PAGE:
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SPIRIT OF THE BIBLE;
THE NATURE AND VALUE
JEWISH AND CHRISTIAN SCRIPTURES
In an Analysis of their seberal Books.
" THE LETTER KILLETH; THE SPIRIT MAKETH ALIVE.”
CONTAINING THE OLD TESTAMENT.
“Here one cannot help remarking a one-sidedness of the Protestant Divines of the 16th and, particularly, of the 17th centuries, which has been and continues to be the cause of endless confusion and lamentable untruth and ignorance. What relates the history of the Word of God in his humanity and in this world, and what records its teachings and warnings and promises, was mistaken for the Word of God itself in its proper sense. By this mistake, the faith in the real Word of God, which is the only immutable and eternal standard of truth, and has its response in the spirit within, was obscured, and is obscured to this day; and its only recipients, reason and conscience, have beer and are violated, to the sad confusion of Christ's Church."
Bunsen's Hippolytus, II. 149.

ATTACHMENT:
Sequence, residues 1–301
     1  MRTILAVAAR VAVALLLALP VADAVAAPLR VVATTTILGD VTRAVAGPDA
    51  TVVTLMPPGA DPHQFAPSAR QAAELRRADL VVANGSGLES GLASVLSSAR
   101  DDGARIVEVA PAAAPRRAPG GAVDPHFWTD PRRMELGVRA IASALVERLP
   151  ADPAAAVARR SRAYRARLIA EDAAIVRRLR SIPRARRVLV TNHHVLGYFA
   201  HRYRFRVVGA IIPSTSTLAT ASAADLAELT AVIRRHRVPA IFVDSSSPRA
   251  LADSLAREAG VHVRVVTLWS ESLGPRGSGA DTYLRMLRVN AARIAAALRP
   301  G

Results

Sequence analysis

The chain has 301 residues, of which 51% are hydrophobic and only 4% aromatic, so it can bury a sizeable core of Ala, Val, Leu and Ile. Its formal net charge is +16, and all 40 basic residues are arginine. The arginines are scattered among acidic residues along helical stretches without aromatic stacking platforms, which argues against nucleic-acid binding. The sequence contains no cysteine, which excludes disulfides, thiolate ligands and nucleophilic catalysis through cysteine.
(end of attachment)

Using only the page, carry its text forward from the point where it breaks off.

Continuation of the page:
REVEREND CHARLES WELLBELOVED,
OF A PUPIL'S GRATITUDE, RESPECT, AFFECTION.
WOULD IT WERE WORTHY OF THE MASTER'S LEARNING !
YET LET IT EMULATE THE SPIRIT OF HIS INSTRUCTIONS,
IN THE SCHOOL OF FREE THOUGHT AND REVERENT INQUIRY,
OF PERSONAL BELIEF, MANLY AVOWAL,
AND CHRISTIAN CATHOLICITY.
This book does not profess to be an Exposition of Scripture. Larger and more learned works must fulfil that office, for readers who have more time to spare than I ask from mine. I seek thoughtful and intelligent, but not learned, readers.
I only aim at shewing the spirit in which the Scriptures require to be read and interpreted, received and defended. I wish to give utterance to a thoroughly free-minded and rational belief in them as the Records of Divine Revelation. Between the perplexing letter-worship of too many scripturists, and the sweeping rationalism which presumes to deny the possibility of a supernatural revelation, I desire to indicate the ground on which Rational Christianity may firmly take its stand, implying the divine origin of Judaism.
The state of Theology in this country, both popular and ecclesiastical, is quite deplorable. Jealous of the advance of Natural Science, if not openly resisting some of its divine truths, the current faith of Christians is easily tripped up by a scepticism as shallow as itself. Yet the reflecting and rational Christian feels that his faith is not really affected by